Me with an Indiana Cap for Grits and a Quaker bonnet for Called!
Then Amesbury's Cultural Council sponsored me as one of its Poetry Month events, with the title Poetry and Literature. I talked about Called at the Noshery, and read a couple of poems referenced in the book.

Others read related poems, and Carla Panciera, a local published poet, even read her own original work titled "Midwife in the Barn" that she wrote for me. See a full report of the event.

Alas, Delivering the Truth did not garner the Agatha Award for Best Historical Mystery at Malice Domestic, but it was a huge honor to be nominated and to stand with my fellow awesome nominees.

From left panel moderator Harriette Sackler, Nominees Catriona McPherson, Jessica Estevao, me, Meg Mims, Victoria Thompson, and Sharon Pisacreta. Photo by Robin Templeton.
But I have one more new book to celebrate this spring: Mulch Ado About Murder, my fifth Local Foods mystery releases at the end of May and is already getting some pretty nice reviews. "Wonderfully delightful mystery any cozy reader will enjoy." -The Cozy Review. There's a Goodreads giveaway open until midnight tonight to win a ARC of the book, too!

Remember, you can also win an ARC of this book by commenting here today!

Two new short stories featuring my 1888 Quaker midwife Rose Carroll have appeared in print! "The Tragic Death of Miss Edna Fogg" came out in Mystery Most Historical, released at Malice a couple of weeks ago. It's a great collection of historical mysteries from many eras. My story features the unfortunate death of a woman suffrage activist, and Rose's pursuit of the killer.

And my short "Murder in the Summer Kitchen" just released in Murder Among Friends, an anthology of stories all inspired by John Greenleaf Whittier. In my story, a man is shot in Whittier's summer kitchen, an apparent case of mistaken identity. Rose is brave enough to track down the murderer in his second attempt to knock off the famous poet and abolitionist.

To celebrate the release, the editor and some of the authors gathered at the Whittier birthplace in Haverhill, MA.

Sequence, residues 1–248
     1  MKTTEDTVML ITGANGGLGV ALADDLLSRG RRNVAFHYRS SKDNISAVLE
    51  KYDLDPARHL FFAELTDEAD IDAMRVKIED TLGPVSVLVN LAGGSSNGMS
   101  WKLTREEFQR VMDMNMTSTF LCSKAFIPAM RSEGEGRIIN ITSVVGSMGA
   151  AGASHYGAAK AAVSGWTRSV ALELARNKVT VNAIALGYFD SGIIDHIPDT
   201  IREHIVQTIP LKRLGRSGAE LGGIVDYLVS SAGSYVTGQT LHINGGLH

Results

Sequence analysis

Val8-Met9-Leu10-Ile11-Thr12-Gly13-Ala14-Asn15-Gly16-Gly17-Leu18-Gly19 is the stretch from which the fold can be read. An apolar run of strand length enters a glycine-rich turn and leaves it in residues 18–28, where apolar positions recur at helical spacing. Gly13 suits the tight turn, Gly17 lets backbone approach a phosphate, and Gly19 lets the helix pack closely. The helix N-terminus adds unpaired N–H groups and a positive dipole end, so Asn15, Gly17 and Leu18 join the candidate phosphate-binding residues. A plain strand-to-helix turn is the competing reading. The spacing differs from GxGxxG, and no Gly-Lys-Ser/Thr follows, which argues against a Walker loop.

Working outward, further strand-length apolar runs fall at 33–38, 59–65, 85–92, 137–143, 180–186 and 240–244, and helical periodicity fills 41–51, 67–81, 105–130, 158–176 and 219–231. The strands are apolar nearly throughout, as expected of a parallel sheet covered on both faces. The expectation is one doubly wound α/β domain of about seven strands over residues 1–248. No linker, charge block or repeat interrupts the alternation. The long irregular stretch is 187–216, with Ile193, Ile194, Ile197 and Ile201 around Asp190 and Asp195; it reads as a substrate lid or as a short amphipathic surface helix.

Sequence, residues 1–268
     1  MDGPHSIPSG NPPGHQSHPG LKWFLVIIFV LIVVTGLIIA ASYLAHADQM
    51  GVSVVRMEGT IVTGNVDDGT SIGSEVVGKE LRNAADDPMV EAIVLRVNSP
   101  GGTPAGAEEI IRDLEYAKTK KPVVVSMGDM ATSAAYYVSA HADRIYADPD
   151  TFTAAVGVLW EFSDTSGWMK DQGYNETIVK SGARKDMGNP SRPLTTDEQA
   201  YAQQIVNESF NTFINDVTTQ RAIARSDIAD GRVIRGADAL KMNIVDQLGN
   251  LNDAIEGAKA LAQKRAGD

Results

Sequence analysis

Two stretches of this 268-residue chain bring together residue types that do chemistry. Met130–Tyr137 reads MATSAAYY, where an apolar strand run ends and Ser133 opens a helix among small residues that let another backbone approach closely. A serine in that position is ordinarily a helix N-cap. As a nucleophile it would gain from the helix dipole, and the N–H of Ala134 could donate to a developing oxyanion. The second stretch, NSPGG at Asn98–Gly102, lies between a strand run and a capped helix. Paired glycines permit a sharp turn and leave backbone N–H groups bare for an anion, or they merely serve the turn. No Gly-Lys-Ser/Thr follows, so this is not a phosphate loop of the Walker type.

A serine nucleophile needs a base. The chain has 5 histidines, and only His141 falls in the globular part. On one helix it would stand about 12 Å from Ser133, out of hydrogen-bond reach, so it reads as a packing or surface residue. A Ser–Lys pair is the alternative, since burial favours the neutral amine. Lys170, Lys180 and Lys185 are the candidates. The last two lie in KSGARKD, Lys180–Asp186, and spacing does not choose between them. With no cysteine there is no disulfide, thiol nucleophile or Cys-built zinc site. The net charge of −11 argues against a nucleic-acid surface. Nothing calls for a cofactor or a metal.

From left, contributors Susan Olkesiw, me, editor Dave Goudsward (kneeling), Tim Coco, Gregory Norris, and Judi Calhoun.

We read from our stories, met fans, and toured the house. Whittier's boots were on display, as was his quilt and his sister's clothing.

I was entranced by the small scullery, and even got to see the room where Whittier was born in 1807.

Ideas are already percolating on how to incorporate some of these details in Quaker Midwife Mystery #4, soon to be started.

Readers, what fun historical bit have you learned lately? Do you like touring home museums or other places where real times from past times are displayed?

Remember, you can also win an ARC of Mulch Ado About Murder, my fifth Local Foods mystery, by commenting here today!

Thursday, May 4, 2017

New Sins for Old Scores ... Launch!

by Tj O'Connor
May 27, 2017—Launch …. New Sins for Old Scores!

At last, my fourth published novel. This one coming to you from Black Opal Books and my strange, wild imagination. It’s a murder mystery with a paranormal twist! (Go figure, right?) And yes, this is a cheap self-promotion blog.

Murder, like history, often repeats itself. And when it does, it's the worst kind of murder.
Detective Richard Jax was never good at history. After years as a cop, he was about to get the lesson of his life.
As Jax lay dying after being gunned down at an old inn while on surveillance, he's saved by Captain Patrick "Trick" McCall—the ghost of a World War II OSS agent—who has been waiting since 1944 for a chance to solve his own murder. Soon, Jax is a suspect in a string of murders—murders linked to smuggling refugees out of the Middle East—a plot similar to the World War II “Operation Paperclip,” an OSS operation that brought scientists out of war-torn Europe. With the aid of a beautiful and intelligent historian, Dr. Alex Vouros, Jax and Trick unravel a seventy year-old plot that began with Trick's murder in 1944. Could the World War II mastermind, code named Harriet, be alive and up to old games? Is history repeating itself?